Ashley Jackson '08 (Timothy Dwight) is the principal harpist of the Yale Symphony Orchestra (YSO) and a member of the Berkeley Orchestra, Saybrook Orchestra, and Yale Bach Society. A 2003-2004 ARTS Merit Award winner in the music/instrumental category, she received the 2004 New Jersey Governor’s Award in the Arts and was a semifinalist in the 2003 American Harp Society Competition. She was a gold medalist in the NAACP ACT-SO instrumental competition for three consecutive years. She won two principal concerto competitions at the university: the 2005 Berkeley Concerto Competition and the 2005 YSO William Waite Concerto Competition. As winner of the latter award, she was featured in a YSO concert on April 14.
Elizabeth Schurgin '07 (Trumbull), a history major, is enrolled in the Yale College/School of Music BA/MM program. She plays bassoon. This past summer, as a winner of the Lewis Curtis Fellowship for Travel, Schurgin traveled to Turin, Italy, to research the original manuscripts of Antonio Vivaldi’s bassoon concerti. A member of many other musical groups on campus, Schurgin is also on the Yale women’s club water polo team and, as its captain for the 2005-2006 season, led the team to a New England championship title and 13th place in the nationals.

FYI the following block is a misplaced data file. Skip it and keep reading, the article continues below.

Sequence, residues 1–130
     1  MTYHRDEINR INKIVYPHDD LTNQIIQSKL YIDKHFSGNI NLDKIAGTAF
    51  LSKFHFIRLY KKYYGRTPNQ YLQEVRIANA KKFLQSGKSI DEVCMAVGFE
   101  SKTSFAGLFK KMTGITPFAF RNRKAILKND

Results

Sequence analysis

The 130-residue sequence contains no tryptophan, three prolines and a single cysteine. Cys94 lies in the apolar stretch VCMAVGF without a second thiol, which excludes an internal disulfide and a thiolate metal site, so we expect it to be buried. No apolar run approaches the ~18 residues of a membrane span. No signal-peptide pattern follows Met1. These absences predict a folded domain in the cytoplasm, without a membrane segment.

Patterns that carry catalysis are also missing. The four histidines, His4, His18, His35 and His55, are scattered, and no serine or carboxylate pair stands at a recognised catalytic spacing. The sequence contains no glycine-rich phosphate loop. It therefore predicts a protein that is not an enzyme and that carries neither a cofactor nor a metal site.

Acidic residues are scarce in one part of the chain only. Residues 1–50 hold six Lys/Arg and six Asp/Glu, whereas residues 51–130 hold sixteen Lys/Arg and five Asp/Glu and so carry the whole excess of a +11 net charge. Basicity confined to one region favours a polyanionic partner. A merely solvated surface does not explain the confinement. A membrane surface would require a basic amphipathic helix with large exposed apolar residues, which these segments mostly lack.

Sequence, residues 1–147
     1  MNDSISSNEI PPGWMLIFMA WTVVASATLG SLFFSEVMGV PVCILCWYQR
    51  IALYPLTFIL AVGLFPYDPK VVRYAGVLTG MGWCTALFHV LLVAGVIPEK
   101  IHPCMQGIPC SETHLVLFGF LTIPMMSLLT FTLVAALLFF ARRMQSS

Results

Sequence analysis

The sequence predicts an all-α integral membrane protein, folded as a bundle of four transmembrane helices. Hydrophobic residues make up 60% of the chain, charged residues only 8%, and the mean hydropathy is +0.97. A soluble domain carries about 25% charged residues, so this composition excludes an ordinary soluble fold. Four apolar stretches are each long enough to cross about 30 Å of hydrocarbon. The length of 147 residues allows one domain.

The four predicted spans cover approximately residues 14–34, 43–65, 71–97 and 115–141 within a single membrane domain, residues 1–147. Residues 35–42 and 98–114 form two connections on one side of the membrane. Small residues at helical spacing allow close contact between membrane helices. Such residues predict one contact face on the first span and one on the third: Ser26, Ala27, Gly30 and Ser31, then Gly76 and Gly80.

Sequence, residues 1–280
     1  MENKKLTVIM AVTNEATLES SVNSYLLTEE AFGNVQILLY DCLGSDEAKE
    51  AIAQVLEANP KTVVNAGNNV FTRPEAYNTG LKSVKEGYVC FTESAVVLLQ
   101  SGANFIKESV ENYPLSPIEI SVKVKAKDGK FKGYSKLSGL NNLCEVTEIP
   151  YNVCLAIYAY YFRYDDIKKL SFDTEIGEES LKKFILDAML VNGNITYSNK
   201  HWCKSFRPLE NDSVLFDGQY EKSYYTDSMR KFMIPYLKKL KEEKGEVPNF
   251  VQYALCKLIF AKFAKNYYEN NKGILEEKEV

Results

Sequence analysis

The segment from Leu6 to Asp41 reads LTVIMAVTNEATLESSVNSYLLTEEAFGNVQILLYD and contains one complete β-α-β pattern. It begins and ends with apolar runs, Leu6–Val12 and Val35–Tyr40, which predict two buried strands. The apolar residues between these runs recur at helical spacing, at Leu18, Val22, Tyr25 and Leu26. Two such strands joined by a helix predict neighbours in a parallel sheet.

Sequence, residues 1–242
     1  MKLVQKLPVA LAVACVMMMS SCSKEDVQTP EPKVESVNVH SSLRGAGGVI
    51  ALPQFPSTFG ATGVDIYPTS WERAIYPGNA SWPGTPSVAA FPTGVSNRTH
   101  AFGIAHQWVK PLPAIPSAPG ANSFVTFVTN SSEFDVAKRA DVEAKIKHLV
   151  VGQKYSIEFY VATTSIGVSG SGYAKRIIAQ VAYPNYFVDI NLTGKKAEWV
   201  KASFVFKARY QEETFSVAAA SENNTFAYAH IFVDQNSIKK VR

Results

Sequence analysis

Lauren Libaw '09 (Davenport) is a music and Italian major. In her first year at Yale, she sang the title roles in Poulenc’s Les Marmelles de Tiresias and Handel’s Semele for the Opera Theater of Yale College. A member of Yale Schola Cantorum, she also appeared as a soloist with both the Yale Bach Society and the Yale Undergraduate Musical Theater Company. A native of Pasadena, California, Libaw began singing as a member of the Los Angeles Opera in The Magic Flute, Werther, and Tobias Picker’s Fantastic Mr. Fox. She has also sung with the Los Angeles Philharmonic. Libaw won first place in the Friends of Arts Education at the Cerritos Center 2005 scholarship competition, and is the 2005 winner of the Los Angeles Music Center Spotlight Award in classical voice. In the summer of 2007, she will create the role of Endymion in the Los Angeles world premiere of Peter Ash’s Keepers of the Night.
Remembering two YDS biblical scholars